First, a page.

These 'RCC's' are designed to deal with the victimisation of women, which means they differ from the victim support schemes (RSS) The RCC's handle more cases of sexual assault and seem to be better known amongst the public. (cited in Maguire. M,Pointing. J. Victims of crime,a new deal?. pg6) The centre does not try to fit victims into categories as they realise every offence is different. They train some volunteers specifically to work with victims of more serious assault and if the victim wishes to seek a specific type of support it is up to the volunteer to provide this. They train their staff in non-directive counselling techniques and often support the women for a long time. In the year 1996/7 nearly 50,000 women contacted the centres for assistance (cited in Williams. B. Working with victims of crime, policies,politics and practice.pg94)
If the victim decides to go to go to the authorities, the counsellors offer support and often accompany them in interviews and court cases. They also have been known to challenge official agencies to provide appropriate services, as they do not command mainstream political support of their centre. They support the victim's confidentiality and would not report the offence to the authorities if the victim did not wish to. The RCC's fulfil an important function but are not recognised by the state at national level, unlike the RSS's. The Metropolitan police service have set up a campaign called'Sapphire'. (www. met. police. uk/sapphire/advice. htm) This organisation is designed to help rape victims by offering them advice and support. They use experienced, trained officers.
During the interviews they offer the victim a 'chaperone' officer to accompany them. This officer also helps by explaining any procedures they might not understand, contacting a support group if the victim decides they want one, offering to talk the to victims employer and making hospital appointments if they wish to have one. If there is a prosecution against the attacker, the chaperone helps by telling the victim any developments in the case, when the defendant is appearing in court or released on bail and whether these bail conditions would affect the victim, notifying them if they have to appear in court as a witness or if the trial date changes, and telling them the results of the case or if the defendant appealed etc.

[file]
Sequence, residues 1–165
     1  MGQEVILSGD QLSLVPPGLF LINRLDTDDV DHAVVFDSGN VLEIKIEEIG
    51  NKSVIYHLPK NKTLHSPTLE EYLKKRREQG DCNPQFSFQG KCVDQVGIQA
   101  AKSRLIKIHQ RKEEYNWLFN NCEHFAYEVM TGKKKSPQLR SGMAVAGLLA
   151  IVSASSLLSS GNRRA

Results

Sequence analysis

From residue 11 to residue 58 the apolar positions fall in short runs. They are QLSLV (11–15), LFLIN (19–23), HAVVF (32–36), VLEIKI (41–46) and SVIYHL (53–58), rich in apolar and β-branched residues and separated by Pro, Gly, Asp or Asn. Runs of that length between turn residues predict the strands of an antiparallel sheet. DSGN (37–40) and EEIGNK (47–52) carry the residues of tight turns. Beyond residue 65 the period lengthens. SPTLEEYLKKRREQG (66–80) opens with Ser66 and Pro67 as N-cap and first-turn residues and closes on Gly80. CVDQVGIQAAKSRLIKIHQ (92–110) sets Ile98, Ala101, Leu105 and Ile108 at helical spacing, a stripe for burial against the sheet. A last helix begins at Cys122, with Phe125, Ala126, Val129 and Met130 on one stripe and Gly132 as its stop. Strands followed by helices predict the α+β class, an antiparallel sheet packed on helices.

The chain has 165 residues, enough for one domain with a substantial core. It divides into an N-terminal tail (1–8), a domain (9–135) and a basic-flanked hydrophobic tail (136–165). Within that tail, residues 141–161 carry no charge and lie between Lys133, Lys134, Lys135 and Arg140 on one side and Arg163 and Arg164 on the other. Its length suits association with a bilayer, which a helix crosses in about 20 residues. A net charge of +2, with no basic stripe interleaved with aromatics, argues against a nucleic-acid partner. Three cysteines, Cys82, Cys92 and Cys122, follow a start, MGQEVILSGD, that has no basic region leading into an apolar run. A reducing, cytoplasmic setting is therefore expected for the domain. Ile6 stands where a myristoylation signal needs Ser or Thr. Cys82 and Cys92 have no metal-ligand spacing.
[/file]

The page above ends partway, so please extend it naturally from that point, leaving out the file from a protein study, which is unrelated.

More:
They also offer to refer the victim to the crown court witness service, which helps if the victim has to stand up as a witness. If the victim has a medical examination, they are given the choice of a male or female doctor, which has been trained for this type of examination. They want the victim to feel as comfortable as possible and offer a shower or bath afterwards. The officers also offer advice on pregnancy, STI's, and anything else the victim wants to know. Overall, although it appears that there are still bad practices used with the treatment of rape victims, (victims being made to feel like the offender when interviewed or examined etc) there seems to be changes being made.
There is sufficient help available for any victims of rape, such as RCC's etc, but these need to be recognised as an organisation and funded by the government to help them become more widespread. Although there still seems to people in the law enforcements that deal with the victims insensitively, there are also those that are specially trained and act in a professional, appropriate manner. Bibliography Wright. M. 1996. Justice for victims and offenders,A restorative response to crime. second edition. Waterside press Maguire. M,Pointing. J. 1988. Victims of crime, A new deal?. first edition. open university Press Williams. B. 1999. Working with victims of crime,policies,politics and practices. Jessica kingsley publishers ltd.